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If you answered “yes” to any of the questions above, you are being abused!
Intimate Partner Violence (IPV) affects millions of Americans. According to the Centers for Disease Control and Prevention (CDC), the term IPV describes physical, sexual, or psychological harm by a current or former partner or spouse. This type of violence can occur among heterosexual or same-sex couples and does not require sexual intimacy.
Children who see domestic abuse, or are a victim of it, may develop health or social problems. Domestic abuse can be when a person hits, kicks, or slaps a victim. It can be rape or other kinds of sexual abuse. It can be name-calling, shaming, or threats. Abuse can affect children right away and affect them later as teens and adults.
Children exposed to domestic abuse may have problems in school. They may have lower test scores or problems with learning. They may have problems resolving conflicts with other students. They may seem hostile. They may also have trouble making or keeping friends and interacting with adults.*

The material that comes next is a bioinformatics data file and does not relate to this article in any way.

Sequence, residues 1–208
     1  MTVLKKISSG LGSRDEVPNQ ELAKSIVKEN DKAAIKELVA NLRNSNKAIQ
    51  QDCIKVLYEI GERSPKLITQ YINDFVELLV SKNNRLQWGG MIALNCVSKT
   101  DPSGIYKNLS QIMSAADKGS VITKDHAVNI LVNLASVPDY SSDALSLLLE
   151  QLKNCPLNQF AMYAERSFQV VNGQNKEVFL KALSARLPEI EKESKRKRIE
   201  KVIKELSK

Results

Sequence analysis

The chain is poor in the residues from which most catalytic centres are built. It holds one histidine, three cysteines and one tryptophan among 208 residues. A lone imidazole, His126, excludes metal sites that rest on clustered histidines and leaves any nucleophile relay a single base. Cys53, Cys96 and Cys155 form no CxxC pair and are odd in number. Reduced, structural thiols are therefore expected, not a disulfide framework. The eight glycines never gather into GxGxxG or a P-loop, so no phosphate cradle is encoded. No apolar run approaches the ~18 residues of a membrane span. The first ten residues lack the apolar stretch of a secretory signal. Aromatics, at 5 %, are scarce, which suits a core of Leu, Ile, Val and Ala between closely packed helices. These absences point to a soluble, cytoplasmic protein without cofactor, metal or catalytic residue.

*Source: The Department of Public Welfare
To find a domestic abuse program in Pennsylvania nearest you, visit www.pcadv.org and click on Find Help or use the Find Help map on the homepage.
You can reach the National Domestic Violence Hotline at 1-800-799-7233 or www.thehotline.org. UPMC Health Plan can also assist members and connect them to partner violence community services for vital assistance.
More than one in five full-time employed adults have been victims of partner violence, and 64 percent of them indicated their work performance was significantly impacted. Watch UPMC Health Plan’s President and CEO, Diane Holder, speak about STANDING FIRM, an initiative that helps employers understand how partner violence effects work place safety and the well being and productivity of employees.
UPMC Health Plan, Inc.